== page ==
For those that are illiterate – and this is the majority – then spoken word, actions and songs are so important. Good storytelling is vital. We have held workshops on storytelling and using actions and these have really helped and encouraged women to then go on and tell others in the safety of daily company devotions. This further encourages them to repeat the stories at home. The Lord’s Prayer is recited each day and this has proved to have encouraged and modelled prayer. In this corporate setting, breaking up into groups of 3 to 5 women has encouraged others to pray with each other as well. Videos of the gospel stories in their own language, especially around Easter and Christmas time, have been powerful tools in our context. A Luke version is readily available in most languages and needs no explanation (the Hindi version is readily available, if Nepali is not). Read more

Investing in Your Staff: Resources for Staff Development

Once a month, our panel of mentors answer your practical business questions. Send us your questions!

Dear BAM Mentor,

I work in Human Resources in a BAM initiative in Nepal. We’re working on developing a discipleship program and ways to develop our staff as people. We’re exploring ideas for one-on-one mentorship and weekly values teachings, maybe going through a book together? Does anyone have any recommendations and/or resources they’ve used? Also ways they’ve made this kind of staff development work for employees who are illiterate?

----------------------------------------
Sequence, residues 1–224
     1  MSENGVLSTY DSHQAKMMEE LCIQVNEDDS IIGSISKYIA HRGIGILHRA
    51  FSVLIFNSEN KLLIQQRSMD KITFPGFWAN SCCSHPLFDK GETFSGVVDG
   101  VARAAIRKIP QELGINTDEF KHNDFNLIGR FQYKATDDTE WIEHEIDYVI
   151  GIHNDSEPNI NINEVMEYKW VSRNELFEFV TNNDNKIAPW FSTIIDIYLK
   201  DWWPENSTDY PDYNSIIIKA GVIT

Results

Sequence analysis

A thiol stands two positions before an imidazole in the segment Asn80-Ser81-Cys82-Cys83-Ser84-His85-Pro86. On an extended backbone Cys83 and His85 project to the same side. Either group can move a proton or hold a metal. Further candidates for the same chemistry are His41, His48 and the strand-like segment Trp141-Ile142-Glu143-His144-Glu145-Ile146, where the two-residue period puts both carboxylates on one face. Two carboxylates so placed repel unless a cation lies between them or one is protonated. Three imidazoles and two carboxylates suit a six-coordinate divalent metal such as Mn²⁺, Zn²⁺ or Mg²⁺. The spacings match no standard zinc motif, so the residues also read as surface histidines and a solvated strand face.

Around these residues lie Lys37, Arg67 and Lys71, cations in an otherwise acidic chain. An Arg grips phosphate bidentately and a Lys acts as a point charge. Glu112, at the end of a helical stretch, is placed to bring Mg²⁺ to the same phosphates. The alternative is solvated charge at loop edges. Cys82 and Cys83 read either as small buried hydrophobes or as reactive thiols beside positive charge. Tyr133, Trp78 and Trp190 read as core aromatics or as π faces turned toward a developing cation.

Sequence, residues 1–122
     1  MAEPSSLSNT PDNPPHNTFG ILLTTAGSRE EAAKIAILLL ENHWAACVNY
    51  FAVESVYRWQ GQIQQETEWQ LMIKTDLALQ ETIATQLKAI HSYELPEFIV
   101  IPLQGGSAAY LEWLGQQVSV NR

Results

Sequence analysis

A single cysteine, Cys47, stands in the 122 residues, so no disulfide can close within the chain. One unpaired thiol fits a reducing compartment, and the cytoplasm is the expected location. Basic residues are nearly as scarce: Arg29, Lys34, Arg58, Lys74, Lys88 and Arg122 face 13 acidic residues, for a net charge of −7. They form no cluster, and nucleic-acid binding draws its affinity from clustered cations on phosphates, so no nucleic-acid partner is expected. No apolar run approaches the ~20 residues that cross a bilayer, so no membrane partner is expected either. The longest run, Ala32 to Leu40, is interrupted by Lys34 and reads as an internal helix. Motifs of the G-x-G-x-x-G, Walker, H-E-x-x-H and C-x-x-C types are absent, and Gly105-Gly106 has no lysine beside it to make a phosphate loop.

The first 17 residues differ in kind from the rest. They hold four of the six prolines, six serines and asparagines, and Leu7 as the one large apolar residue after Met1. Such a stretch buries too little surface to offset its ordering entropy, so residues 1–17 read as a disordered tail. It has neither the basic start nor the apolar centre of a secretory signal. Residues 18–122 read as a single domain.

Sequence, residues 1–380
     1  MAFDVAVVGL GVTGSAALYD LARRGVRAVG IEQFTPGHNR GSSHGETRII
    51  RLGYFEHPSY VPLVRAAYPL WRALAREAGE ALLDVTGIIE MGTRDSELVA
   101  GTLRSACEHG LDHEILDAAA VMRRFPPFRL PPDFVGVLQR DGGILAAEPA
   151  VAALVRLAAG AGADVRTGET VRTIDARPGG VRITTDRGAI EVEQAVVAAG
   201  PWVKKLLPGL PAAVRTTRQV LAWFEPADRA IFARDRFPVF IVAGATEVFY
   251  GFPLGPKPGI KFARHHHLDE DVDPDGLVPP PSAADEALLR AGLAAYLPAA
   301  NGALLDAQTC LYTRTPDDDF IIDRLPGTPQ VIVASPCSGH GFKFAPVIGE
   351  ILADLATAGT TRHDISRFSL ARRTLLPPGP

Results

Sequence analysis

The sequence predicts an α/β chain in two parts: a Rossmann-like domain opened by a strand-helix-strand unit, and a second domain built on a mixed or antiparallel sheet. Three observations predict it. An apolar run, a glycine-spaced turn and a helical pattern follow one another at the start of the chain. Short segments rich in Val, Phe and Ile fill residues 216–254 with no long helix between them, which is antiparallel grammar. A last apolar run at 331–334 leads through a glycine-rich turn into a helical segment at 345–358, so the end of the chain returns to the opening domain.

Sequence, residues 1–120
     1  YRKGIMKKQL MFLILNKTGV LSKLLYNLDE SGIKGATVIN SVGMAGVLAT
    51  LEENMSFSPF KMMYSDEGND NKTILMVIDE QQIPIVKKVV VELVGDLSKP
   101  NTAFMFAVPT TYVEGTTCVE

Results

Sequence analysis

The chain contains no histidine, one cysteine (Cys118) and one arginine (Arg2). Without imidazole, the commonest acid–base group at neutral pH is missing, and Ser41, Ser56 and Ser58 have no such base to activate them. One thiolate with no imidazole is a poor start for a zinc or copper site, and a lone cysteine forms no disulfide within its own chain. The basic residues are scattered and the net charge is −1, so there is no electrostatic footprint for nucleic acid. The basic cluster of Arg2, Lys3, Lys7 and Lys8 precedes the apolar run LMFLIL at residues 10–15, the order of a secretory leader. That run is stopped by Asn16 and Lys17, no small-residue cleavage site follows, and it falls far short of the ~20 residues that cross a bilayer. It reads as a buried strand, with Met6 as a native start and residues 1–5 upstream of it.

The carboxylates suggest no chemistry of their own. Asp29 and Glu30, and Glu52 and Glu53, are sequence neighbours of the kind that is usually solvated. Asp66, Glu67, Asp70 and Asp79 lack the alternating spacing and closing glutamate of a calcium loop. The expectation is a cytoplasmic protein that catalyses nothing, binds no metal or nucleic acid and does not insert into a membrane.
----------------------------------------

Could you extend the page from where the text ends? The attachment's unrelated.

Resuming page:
~ Needing Advice in Nepal

Dear Needing Advice,

Firstly, I want to commend you on investing into your staff. So often groups focus solely on the their client group, as that is where the need they are trying to address lies, and neglect their staff’s growth and development. Investing in your staff will ultimately benefit your your clients through staff become more skilled, wise, engaged, appreciated and will lead to less staff turnover. As Richard Branson said, “Clients do not come first. Employees come first. If you take care of your employees, they will take care of the clients”.

You asked the question about resources for staff development and discipleship and there are a number out there. There are Christian foundations courses like Christianity Explained, or the Alpha Course that can be beneficial for those very new in their faith. There are Christian ‘Bible Study’ Books either on books of the Bible or on topics or you can even just take a book of the Bible and read through it and discussing things together, such as one of the gospels. You can also just pick a topic and create something of your own. In one of my past roles I would each week use a passage or principle from the Bible and link it to a principle in business, organisational operations or relational wisdom and ask staff to discuss and come up with applications for their context. Read more